Many of the songs aren't bad, though, and some are in fact good, and worthwhile listening to. "For What Reason" isn't an example of one of the moments of interest (I'm saving those for last), but it isn't a bad piece of music. It's short, with fading guitars chiming out amid pared-down drums, whilst Gibbard chants out the lyrics indeterminably. He has a decent voice, by the way, but here it seems too often to get bogged down in the downcast revelry of the music, and becomes merely another tone amid all the musical sleet. "No Joy In Mudville", at over 6 minutes, is the longest track here, and it certainly feels like it. Aimlessly wandering around on a sparse line of drums and chimes, it goes nowhere and goes there bloody slowly. After about four minutes there are splashes of colour to the grey, but it comes too late and certainly isn't as rewarding a payoff as, say, The New Pornographers could have provided. The spindly guitars of "405" offer a brief window of interest, and the song certainly seems to be going somewhere. Gibbard masks his vocals with a strong fuzzy vocoder, and... it's lame. Seriously. It's what I imagine it must sound like to live inside the head of Esther Ranzen, and I can think of nothing worse than that. It buzzes and flails quietly around with no effect, just like Esther. Having said that, it doesn't try to sell me the lies of evil credit card companies, so it has that to its advantage.

      Lowell, MA is a track where a few positives can be drawn from, with Gibbard letting his voice fly around. He sounds like a sober version of Brighteyes, or perhaps a little like a higher-pitched Ryan Adams. He has a sweetness in his voice, which he too often tries down. There's a lot of grumbling in this album. Yet despite this, there are four tracks which are worth listening to. The second half of the album is dominated by "Company Calls" and "Company Calls Epilogue", and the first of the two is the most uplifting and free the band sound throughout the album. It's no surprise, too, that it's by far one of the best songs here. Gibbard runs through his lyrics quickly, with some winding quick guitars behind him that jump out for the chorus. The quick pace, in addition to the upbeat nature of the music, means that this track is the most memorable one here, and well worth listening to. Company Calls Epilogue is a more subdued affair, but no less effective for that. It recalls several of the lyrics from the previous track, most notably the "synapse to synapse" moment which opens this one. He's covered in a veil of echoes and the guitars plod next to the drums, but there's a compelling hook in the words and Gibbard's delivery. Put together, these two songs provide a relief from the dullness of the music around them.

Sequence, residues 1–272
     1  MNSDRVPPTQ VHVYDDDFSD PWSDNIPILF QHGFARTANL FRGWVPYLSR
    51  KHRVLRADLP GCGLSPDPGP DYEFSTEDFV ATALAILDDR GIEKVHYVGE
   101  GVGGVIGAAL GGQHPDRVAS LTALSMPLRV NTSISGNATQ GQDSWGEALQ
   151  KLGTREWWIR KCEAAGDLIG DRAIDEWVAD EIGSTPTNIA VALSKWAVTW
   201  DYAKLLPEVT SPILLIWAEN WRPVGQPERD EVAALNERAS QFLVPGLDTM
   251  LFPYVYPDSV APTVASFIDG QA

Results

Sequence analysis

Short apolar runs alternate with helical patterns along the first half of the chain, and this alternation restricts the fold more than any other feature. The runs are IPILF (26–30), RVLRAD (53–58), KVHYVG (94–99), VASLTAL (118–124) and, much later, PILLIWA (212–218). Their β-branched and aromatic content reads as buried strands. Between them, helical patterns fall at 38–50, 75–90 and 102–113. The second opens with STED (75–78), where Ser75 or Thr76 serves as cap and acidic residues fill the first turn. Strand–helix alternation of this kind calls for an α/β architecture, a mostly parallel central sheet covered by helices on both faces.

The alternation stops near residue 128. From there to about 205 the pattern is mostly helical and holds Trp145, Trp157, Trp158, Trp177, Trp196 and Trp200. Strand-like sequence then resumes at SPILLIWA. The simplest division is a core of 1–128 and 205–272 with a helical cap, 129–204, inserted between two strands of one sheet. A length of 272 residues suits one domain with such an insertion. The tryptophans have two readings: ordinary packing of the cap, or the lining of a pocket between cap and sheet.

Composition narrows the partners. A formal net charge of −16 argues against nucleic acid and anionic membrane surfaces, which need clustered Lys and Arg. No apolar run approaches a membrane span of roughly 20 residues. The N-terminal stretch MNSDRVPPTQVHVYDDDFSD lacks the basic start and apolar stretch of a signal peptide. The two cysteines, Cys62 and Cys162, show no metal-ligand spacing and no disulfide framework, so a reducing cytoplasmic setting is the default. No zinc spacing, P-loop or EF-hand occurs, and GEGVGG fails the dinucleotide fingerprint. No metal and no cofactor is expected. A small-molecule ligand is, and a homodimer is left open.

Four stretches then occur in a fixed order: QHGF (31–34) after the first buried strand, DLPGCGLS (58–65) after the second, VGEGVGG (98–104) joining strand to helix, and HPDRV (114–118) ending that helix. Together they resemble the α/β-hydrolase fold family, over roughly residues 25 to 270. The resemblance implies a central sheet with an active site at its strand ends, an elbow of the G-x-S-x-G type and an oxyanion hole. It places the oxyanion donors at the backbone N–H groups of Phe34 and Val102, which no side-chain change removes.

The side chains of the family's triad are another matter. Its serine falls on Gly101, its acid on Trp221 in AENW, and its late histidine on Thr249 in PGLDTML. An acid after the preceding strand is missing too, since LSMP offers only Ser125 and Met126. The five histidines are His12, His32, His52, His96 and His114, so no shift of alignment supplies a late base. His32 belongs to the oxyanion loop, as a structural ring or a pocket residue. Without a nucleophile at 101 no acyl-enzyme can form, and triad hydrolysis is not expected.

Yet the highlight of the album comes, unsettlingly, from the first two songs. Whilst track 2, "The Employment Pages", sounds like it was sung underwater due to the rippling effects present, it works. It's like something Radiohead could possibly have conjured up (although they would have added some guitar or snarly electro stuff), and is gruffly beautiful. It's another slow-burner, but this time the song actually pays off on it's promise. It doesn't kick off, it doesn't deviate from the musical pattern it begins with, but somehow that's enough. However, the best song on the album is... "Title Track". I've listened to this one twenty more times than any of the others. As soon as it kicks in you're hooked into it's downbeat atmosphere, a gloom propelled along by the music which dips and ebbs round, casting shadows over Gibbard's soothsaying. Here, everything comes together and works, connecting and sparking, and creates the one true moment where it seems that Death Cab are truly as good as everyone says. It's just a shame that there are nine more tracks to come. You can sense on this album that there's a good band struggling to break out, but the composed and simple nature of the music, which never attempts to be truly vital or interesting, mugs down everything and sinks the album into a relative obscurity. There are songs here that are worth having a listen to, but I don't recommend you splash out on the whole album just for them. This is a case, I believe, where the mainstream obscurity of a band is completely understandable.


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    • Product Details

      Disc #1 Tracklisting
      1 We Have The Facts And We're Voting Yes
      2 Employment Pages
      3 For What Reason
      4 Lowell MA
      5 405
      6 Little Fury Bugs
      7 Company Calls
      8 Company Calls
      9 No Joy In Mudville
      10 Scientist Studies